Friends of Dustin Paradis toss flowers into the Kennebec River in Augusta on Nov. 3, 2021, during a memorial service for the 34-year-old man who was shot and killed by police during a confrontation with officers at the Bread of Life Shelter in Augusta. Paradis’ family recently sued the shelter for being negligent and not having adequately trained staff or policies on responding to escalating situations. Andy Molloy/Kennebec Journal file

AUGUSTA — The family of an autistic man fatally shot by Augusta police officers during a confrontation at a homeless shelter has filed a wrongful death lawsuit against shelter operator Bread of Life Ministries.

“(The shelter’s) negligence was a direct and legal cause” of 34-year-old Dustin J. Paradis’ death, his family’s lawyers wrote in the lawsuit.

Paradis was shot and killed by two Augusta police officers Oct. 13, 2021, after he appeared to move toward them with a knife in his hand and told them to kill him.

Dustin Paradis Contributed photo

The lawsuit, which was filed recently in Kennebec County Superior Court, claims Bread of Life failed to have policies for responding to escalating situations, including ones involving suicidal people. It also claims the shelter’s staff was not adequately trained to deescalate situations and that the shelter failed to maintain proper staffing levels or have policies outlining proper staffing levels.

The lawsuit was filed by Berman and Simmons Trial Attorneys lawyer Timothy Kenlan, who is representing Tracy Nale Sewall, the lawyer for Paradis’ estate.

Victoria Abbott, executive director of Bread of Life, said the nonprofit organization followed the proper protocols throughout the incident.


“Myself, along with all of the Bread of Life staff, feel the loss of Mr. Paradis — losing a member of our community is always difficult,” Abbott said. “I am proud of the services that my shelter staff provide to people in the shelter. They do the hard work every single day. I do not feel that Bread of Life is responsible for this death.”

Police were called to Bread of Life’s family shelter on Hospital Street after Paradis, witnesses said, had been in a confrontation with another man staying at the shelter. The man had been antagonizing Paradis and calling him names, and Paradis reportedly had enough and hit the man in the head with a bowl.

Court documents filed in the lawsuit say a staff member “tried to mediate the dispute between the two men but failed. Instead, the staff member’s involvement escalated the situation to where (Paradis) felt the need to grab a knife from the nearby knife block.”

The lawsuit states Paradis, who has autism spectrum disorder and mental health conditions of which shelter staff were aware prior to his death, was told he needed to leave the shelter. Then, he “became increasingly agitated and suicidal, grabbing a knife and attempting to slit his right wrist.”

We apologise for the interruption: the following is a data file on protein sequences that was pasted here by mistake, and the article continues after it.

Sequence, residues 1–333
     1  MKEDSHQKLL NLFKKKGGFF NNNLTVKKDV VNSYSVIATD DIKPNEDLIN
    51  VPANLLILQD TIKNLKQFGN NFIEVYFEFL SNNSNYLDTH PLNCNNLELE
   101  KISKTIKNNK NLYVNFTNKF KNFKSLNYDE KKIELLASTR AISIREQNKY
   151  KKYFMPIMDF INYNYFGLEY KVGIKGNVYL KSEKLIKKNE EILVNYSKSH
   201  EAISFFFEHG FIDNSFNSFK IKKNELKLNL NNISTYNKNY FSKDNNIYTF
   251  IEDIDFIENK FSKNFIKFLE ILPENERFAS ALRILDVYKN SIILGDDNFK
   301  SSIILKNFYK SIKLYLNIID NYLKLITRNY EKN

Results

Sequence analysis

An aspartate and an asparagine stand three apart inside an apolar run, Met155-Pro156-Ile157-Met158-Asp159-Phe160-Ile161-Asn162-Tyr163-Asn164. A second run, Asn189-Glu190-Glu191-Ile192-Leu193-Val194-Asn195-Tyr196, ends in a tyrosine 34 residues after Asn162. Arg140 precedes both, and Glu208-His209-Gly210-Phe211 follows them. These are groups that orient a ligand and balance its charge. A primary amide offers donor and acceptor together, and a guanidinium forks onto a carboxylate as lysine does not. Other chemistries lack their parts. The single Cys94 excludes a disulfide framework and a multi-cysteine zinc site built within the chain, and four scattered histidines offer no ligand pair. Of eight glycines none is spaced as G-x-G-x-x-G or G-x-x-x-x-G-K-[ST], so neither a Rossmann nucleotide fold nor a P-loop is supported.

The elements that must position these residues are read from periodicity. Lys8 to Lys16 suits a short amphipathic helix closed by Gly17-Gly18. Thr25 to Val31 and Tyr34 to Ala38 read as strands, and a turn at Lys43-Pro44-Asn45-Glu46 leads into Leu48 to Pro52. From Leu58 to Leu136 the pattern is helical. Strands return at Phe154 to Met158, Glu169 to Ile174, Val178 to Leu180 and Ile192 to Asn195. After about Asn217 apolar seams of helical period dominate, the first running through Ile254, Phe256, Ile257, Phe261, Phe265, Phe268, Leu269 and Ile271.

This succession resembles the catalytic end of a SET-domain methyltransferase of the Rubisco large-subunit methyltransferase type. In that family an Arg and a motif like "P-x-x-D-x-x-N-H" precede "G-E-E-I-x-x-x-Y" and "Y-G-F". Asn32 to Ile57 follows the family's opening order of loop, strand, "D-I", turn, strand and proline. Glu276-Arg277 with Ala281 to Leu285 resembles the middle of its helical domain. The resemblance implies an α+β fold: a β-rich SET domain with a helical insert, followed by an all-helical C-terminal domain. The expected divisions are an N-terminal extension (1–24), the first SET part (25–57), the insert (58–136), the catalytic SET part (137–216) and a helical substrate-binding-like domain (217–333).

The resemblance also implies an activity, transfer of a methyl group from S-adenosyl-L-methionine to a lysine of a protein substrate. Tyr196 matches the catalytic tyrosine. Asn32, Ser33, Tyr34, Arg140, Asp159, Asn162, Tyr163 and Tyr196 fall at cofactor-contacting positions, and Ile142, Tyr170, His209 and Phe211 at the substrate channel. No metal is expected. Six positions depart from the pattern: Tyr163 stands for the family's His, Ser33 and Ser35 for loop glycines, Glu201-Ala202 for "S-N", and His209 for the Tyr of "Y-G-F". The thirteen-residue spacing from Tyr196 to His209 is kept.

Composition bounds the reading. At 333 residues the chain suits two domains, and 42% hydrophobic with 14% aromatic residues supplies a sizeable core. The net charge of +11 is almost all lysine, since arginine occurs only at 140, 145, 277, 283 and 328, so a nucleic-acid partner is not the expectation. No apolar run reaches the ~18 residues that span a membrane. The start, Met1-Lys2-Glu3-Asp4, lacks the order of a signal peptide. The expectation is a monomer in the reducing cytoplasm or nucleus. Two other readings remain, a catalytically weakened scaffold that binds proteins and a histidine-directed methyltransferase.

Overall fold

The Bread of Life Ministries family shelter on Hospital Street in Augusta, seen in October 2021. Joe Phelan/Kennebec Journal file

Paradis allegedly told staff he wanted to die and wanted to kill himself. A call to 911 was placed shortly after 6 p.m., and Augusta police Officer Sebastian Guptill and Sgt. Christopher Blodgett responded, arriving to find Paradis in a highly agitated state and continuing to try to slit his wrists.

“After a very brief interaction with law enforcement, (Paradis) charged at the responding officers with a large knife in hand while yelling ‘Kill me…,'” the lawsuit states. “The responding officers reasonably feared for their immediate safety and fired their weapons at (Paradis), causing his death.”


Neither the Augusta Police Department nor either of the officers involved in the shooting are named in the lawsuit, only Bread of Life Ministries. The organization runs the family shelter where Paradis died, an adjacent veterans shelter and also owns rental housing properties in the area.

“This is a sensitive case,” said Kenlan, who filed the lawsuit on behalf of Paradis’ estate. “We at Berman and Simmons are investigating all aspects of what happened to find and hold accountable those responsible for Dustin’s tragic death. That this happened at all is evidence of a failure in the system.”

The lawsuit seeks a judgment for an amount to be determined as well as court costs and “other such relief as the court deems just and equitable,” noting Paradis’ estate suffered injury including the loss of comfort, society and companionship of Paradis, and incurred funeral expenses.

In a response filed with the court, Petruccelli, Martin & Haddow attorney Michael Martin, who is representing Bread of Life, denies Bread of Life was negligent and seeks to have the court award the agency’s court costs in the case.

An investigation into the shooting by the Office of the Maine Attorney General determined Guptill and Blodgett were acting in defense of themselves and others when they shot and killed Paradis.

Friends gather Nov. 3, 2021, along the Kennebec River in Augusta to remember Dustin Paradis, a 34-year-old man who was shot and killed by police during a confrontation with officers at the Bread of Life Shelter in Augusta. Andy Molloy/Kennebec Journal

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